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Secrets of the Exodus: The Egyptian Origins of the Hebrew People Hardcover – January, 2004

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About the Author

Roger Sabbah and Messod Sabbah are brothers and the descendants of a long line of rabbis and chief rabbis. The authors both live in Paris. Art and Lois Banta, the translators, live in San Diego, CA.
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Product Details

  • Hardcover: 304 pages
  • Publisher: Helios Press (January 2004)
  • Language: English
  • ISBN-10: 1581153198
  • ISBN-13: 978-1581153194
  • Product Dimensions: 9.1 x 6.3 x 0.9 inches
  • Shipping Weight: 1.2 pounds
  • Average Customer Review: 4.0 out of 5 stars  See all reviews (15 customer reviews)
  • Amazon Best Sellers Rank: #1,028,805 in Books (See Top 100 in Books)

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Most Helpful Customer Reviews

35 of 37 people found the following review helpful By Midwest Book Review on March 10, 2004
Format: Hardcover
The collaborative effort of Messod Sabbah and Roger Sabbah (two French-Jewish researchers, who are themselves descendants of a long line of high-ranking rabbi), Secrets Of The Exodus: The Egyptian Origins Of The Hebrew People presents the boldly stated hypothesis that the ancient Hebrew people described in Exodus were not slaves from another nation, but rather Egyptian followers of that monotheistic pioneer and iconoclast -- Pharaoh Akhenaten. Secrets Of The Exodus deftly examine decades of linguistic and archaeological research that started a tremendous uproar in France when it was first published in 2000. A unique and seminal contribution to Egyptology, Secrets Of The Exodus may contain controversial ideas, but the authors approach them rationally and are well grounded in logical methodology.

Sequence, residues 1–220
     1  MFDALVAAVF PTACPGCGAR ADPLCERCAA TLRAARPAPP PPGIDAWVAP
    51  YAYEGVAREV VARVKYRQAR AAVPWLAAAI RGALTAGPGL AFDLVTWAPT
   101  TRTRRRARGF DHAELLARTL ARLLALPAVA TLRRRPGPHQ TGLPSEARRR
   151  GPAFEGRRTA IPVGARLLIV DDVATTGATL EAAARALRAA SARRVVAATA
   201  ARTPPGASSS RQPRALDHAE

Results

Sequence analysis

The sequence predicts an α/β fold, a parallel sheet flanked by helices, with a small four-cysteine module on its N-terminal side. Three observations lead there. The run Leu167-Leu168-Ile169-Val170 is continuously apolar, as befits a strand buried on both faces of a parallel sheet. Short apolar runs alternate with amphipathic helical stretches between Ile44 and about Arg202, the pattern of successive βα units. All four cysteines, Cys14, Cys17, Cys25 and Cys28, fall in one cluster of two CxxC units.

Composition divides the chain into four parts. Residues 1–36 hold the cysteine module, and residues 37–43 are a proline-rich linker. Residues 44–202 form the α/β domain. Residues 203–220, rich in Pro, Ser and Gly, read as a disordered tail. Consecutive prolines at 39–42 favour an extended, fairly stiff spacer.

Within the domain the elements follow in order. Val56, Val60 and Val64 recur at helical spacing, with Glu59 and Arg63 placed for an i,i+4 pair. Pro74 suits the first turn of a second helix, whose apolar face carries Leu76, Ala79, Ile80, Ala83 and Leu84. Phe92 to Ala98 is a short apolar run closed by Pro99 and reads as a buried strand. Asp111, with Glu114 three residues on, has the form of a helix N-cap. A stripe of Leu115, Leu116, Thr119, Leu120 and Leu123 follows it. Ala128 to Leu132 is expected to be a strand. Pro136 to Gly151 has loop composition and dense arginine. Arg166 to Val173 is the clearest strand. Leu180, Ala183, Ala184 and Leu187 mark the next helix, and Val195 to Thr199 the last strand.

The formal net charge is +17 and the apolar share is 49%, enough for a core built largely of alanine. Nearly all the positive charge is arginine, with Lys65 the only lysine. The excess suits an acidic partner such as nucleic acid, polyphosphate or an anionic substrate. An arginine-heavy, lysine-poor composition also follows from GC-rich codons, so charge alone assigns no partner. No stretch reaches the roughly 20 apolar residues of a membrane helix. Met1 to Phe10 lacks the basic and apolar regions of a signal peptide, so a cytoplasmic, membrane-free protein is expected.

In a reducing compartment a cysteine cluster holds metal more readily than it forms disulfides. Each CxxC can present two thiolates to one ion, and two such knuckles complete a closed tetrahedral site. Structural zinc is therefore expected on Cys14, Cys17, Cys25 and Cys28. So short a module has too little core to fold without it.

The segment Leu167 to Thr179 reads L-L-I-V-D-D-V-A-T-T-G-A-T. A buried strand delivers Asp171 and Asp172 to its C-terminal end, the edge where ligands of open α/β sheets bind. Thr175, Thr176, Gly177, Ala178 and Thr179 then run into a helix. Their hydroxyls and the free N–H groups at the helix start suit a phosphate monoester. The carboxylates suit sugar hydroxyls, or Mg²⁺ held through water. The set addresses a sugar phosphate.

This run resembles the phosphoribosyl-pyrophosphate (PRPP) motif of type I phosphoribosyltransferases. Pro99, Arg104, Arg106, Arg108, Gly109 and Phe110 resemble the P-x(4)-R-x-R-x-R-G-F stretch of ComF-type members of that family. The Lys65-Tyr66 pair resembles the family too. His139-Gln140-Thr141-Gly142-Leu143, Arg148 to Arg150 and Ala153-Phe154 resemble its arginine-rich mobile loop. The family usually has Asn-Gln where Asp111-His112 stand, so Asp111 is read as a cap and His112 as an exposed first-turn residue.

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13 of 15 people found the following review helpful By G. Kennedy on March 21, 2008
Format: Hardcover
I've always thought it totally implausible that a tribe would be allowed to go around ransacking cities and killing all their inhabitants for years without being confronted by one of the local superpowers e.g. Hittites or Egyptians .... they must have been allied to 1 or the other. Egypt makes sense ... so the exodus must have been planned/orchestrated ... makes a heap of sense. The analysis of the hebrew writing as a form of shorthand Egyptian is interesting. This book makes a lot of sense ... maybe too much matching up of Bible names and pharoahs ? who knows ... but the exodus makes a lot more sense in Akhenaten's time that Rameses ... good book, you will find yourself rereading the Hebrew versus Hieroglyphs section a few times ... its very intriguing
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5 of 5 people found the following review helpful By Sonia B. on May 18, 2013
Format: Hardcover Verified Purchase
Please be aware that this book is the same as the Did the Pharaohs Write the bilble. Since the covers are different and the Title different I thought they were two different books and bought both of them.
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4 of 4 people found the following review helpful By Jose from Madrid on February 27, 2012
Format: Hardcover
The authors follow a purely scientific approach, and derive their conclusions with logic. All their statements are demonstrated in front of your eyes. The authors are two experts in each field they deal with (Talmud, the ancient scriptures, History). They take you by the hand until you reach by yourself a surprising conclusion that will leave you with your mouth open.